a1 Department of Linguistics, The Ohio State University
In a 1982 paper in the journal Glossa, Pullum outlined a set of arguments for treating English infinitival to as a defective auxiliary verb. Twenty years later, in his entry on infinitival constructions in The Cambridge Grammar of the English Language (CGEL, 2002), Huddleston argues that several distributional facts about auxiliaries fit poorly with this hypothesis. He proposes, on the basis of significant structural parallels, that to is a subordinator (complementizer). I show that Huddleston's arguments constitute a flawed analysis in CGEL's otherwise superb coverage of English descriptive grammar, and that the facts run strongly counter to his claims, often falling out independently from generalizations about auxiliaries that Huddleston overlooks. Several of these points were anticipated in Pullum's paper, but recent research on an idiosyncratic auxiliary-specific pattern of English nonrestrictive relative clause formation provides a powerful new argument in support of the auxiliary claim. In this respect, as in all others, the assignment of to to the class of auxiliaries provides the simplest and broadest account of its syntactic behavior.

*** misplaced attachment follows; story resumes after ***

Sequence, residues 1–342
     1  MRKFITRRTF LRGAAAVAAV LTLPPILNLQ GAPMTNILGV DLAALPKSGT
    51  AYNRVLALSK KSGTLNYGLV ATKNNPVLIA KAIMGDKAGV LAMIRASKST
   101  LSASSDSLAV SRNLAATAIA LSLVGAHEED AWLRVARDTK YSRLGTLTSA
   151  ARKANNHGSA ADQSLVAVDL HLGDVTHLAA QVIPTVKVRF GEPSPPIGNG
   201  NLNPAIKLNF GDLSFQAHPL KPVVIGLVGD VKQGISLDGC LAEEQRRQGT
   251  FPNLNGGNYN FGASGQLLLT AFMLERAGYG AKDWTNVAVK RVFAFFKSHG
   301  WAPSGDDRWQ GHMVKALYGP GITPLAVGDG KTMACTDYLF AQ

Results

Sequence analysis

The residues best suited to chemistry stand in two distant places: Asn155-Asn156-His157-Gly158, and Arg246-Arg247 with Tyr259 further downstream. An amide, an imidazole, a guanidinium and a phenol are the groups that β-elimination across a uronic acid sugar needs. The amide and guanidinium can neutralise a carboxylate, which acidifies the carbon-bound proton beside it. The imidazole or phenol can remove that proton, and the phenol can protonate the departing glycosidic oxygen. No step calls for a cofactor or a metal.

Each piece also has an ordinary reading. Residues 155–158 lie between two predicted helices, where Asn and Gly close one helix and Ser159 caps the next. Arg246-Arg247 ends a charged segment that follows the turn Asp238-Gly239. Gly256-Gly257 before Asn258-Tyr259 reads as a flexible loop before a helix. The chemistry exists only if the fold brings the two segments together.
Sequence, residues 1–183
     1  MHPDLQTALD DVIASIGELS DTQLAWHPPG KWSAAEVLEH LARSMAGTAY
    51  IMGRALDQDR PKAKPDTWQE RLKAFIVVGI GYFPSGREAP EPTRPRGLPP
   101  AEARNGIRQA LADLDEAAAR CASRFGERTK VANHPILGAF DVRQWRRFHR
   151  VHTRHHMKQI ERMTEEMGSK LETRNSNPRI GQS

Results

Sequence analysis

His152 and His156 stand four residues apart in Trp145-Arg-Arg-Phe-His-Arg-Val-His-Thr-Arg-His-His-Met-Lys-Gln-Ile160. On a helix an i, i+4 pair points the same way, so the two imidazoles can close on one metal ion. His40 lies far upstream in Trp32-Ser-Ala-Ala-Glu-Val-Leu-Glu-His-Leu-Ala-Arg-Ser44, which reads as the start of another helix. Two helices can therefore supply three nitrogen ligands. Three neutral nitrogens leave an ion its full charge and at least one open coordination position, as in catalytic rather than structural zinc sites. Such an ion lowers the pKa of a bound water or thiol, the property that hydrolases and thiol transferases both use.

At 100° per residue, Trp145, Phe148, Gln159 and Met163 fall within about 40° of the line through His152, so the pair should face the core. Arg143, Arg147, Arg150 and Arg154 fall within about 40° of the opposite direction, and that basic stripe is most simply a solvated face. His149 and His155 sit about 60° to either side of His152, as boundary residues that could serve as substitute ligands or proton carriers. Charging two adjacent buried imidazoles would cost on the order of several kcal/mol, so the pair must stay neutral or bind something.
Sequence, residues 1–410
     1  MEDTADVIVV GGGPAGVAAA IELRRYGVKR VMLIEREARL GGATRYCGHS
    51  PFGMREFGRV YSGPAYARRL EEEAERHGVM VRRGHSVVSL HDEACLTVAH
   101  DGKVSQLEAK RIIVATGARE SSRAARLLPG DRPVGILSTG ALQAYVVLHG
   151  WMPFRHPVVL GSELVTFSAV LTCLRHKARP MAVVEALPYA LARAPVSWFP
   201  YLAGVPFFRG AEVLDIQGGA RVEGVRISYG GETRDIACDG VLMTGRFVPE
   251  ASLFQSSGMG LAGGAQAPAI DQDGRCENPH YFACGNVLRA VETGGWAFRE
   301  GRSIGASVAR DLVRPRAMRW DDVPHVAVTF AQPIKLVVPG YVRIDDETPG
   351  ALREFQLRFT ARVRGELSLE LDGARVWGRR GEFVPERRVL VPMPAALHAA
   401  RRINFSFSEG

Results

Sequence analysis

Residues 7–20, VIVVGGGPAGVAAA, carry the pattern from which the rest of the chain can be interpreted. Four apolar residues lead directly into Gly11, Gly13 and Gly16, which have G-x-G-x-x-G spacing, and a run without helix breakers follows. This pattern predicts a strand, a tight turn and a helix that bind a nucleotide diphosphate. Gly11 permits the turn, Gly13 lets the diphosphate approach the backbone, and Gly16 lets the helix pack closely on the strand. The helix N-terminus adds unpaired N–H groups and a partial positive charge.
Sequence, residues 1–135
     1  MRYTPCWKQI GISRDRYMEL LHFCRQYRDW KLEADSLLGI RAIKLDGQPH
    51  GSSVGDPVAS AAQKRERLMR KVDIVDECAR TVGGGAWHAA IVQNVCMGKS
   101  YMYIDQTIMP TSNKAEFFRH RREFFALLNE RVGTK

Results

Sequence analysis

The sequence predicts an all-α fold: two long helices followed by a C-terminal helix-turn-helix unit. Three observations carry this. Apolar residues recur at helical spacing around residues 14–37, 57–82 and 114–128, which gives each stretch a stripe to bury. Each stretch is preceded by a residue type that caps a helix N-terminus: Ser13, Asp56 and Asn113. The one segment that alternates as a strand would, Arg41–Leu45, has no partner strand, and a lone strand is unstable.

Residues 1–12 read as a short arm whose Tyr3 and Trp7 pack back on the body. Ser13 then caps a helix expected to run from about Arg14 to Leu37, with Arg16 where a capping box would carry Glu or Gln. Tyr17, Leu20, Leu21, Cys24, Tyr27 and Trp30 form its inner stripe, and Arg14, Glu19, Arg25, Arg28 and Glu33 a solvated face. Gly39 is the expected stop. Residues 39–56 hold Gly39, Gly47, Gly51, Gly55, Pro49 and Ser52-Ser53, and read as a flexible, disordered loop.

(Received September 08 2010)
(Revised September 05 2011)
(Online publication December 06 2011)
 I am greatly indebted to Geoff Pullum for enjoyable discussions, over many years, about (inter alia) the pros and cons of analyzing infinitival to as an auxiliary, and for extremely helpful feedback on an early version of this paper; and to Bob Borsley for helpful conversations about to and the implications for its analysis of the Auxiliary Stranding Relative Clause (ASRC) construction described below. A preliminary version of this paper was presented to the Department of Linguistics Syntax Group at the University of Essex in 2009; I very much appreciate the input I got from the group, and for the kindness of the Essex department generally during my sabbatical there. Finally, I should like to thank the referees for Journal of Linguistics whose comments made clear to me where I needed to sharpen the details of my argument, and where I needed to drastically condense it. All surviving shortcomings are mine alone.